It all fits into to Cogen’s “Big 15” strategy of identifying what will be must-have tickets before the season starts: opening night, Saturday nights, holiday games and top rivalries like the Detroit Red Wings and Chicago Blackhawks. Selling out those games plants a seed in the walk-up crowd that their only chance to lock up tickets to the top games is to purchase a package, he said, whether it’s a 10-game, half-season or full-season deal.
It seems almost antithetical. The key isn’t to sell as many tickets as possible to every game. It’s to sell as many tickets as possible to the games that already draw well. It’s all about creating a perception that everybody wants to go to the big games as much as you do — and that you might have to do a little something extra to beat them to the punch.
While Cogen was the big-splash hire of new Preds Chairman Tom Cigarran, his arrival represents the culmination of a strategy begun by David Freeman, Cigarran’s predecessor. Original team owner Craig Leipold saw the arena simply as a carrier vehicle for the team, but the Freeman-led ownership group emphasized the symbiotic relationship between the success of the arena and the profitability of the team — a feint in the direction of the breaking down of “silos” to which Cogen is so dedicated.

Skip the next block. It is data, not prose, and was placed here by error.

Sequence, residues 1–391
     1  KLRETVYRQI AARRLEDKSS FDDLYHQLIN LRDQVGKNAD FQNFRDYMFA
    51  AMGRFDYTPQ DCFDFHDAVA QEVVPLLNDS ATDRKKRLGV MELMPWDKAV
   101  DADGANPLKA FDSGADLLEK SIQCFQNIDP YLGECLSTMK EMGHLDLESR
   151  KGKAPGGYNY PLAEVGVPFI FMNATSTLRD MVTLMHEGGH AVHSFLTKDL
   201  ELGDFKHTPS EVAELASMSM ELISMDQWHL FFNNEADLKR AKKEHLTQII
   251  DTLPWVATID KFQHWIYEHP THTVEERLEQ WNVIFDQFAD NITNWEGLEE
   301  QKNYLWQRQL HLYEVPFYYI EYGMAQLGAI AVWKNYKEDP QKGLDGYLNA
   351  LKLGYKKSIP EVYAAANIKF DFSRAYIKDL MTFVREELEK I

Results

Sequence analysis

Even that small step toward integration led to a measure of profitability. An internal memo obtained byThe City Paper shows that during the final five years of ownership under the Leipold regime, the organization lost $46 million before interest, taxes, depreciation and amortization. That included $12 million in the 2006-’07 year.
Since 2008, by contrast, those numbers have been positive every year, totaling about $6 million.
The average revenue of the organization over the past three years is $74 million. During the Leipold era, the organization averaged $43 million.
With Cogen — the savvy circus man who’s handled Sun Belt hockey success in Dallas and Florida — the Predators ship may be headed to calm waters for the first time.
And if his gambles work, there will be a lot more people on board.
When you’re sitting inside Bridgestone Arena, Cogen wants the experience to be memorable.
The changes are subtle. There’s newer music on the public address system, a change that’s due, in part, to the team’s partnership with active-rock giants 102.9-FM The Buzz. The team’s pre-game video is set to a remix of a Jay-Z song, and the day after its debut, Predators blogs were abuzz with requests for copies of the feature — and links to Amazon to download the remix.
Cogen is willing to take chances, and he’s got a lot more in his brain.
For example, the team’s organist — “Krazy Kyle” — is being shown on the JumboTron more often as he tickles the ivories. He’s also branching out from the usual “Da-duh-da-duh-da-duh … Charge!” tunes of standard repertoire, adding the Internet viral hit “Bed Intruder Remix” to his playlist.
While Cogen is brimming with new ideas — the ones he’ll talk about and the ones he’s holding back like the circus showman he once was, building to a big reveal — it’s almost more noticeable what he’ll never talk about.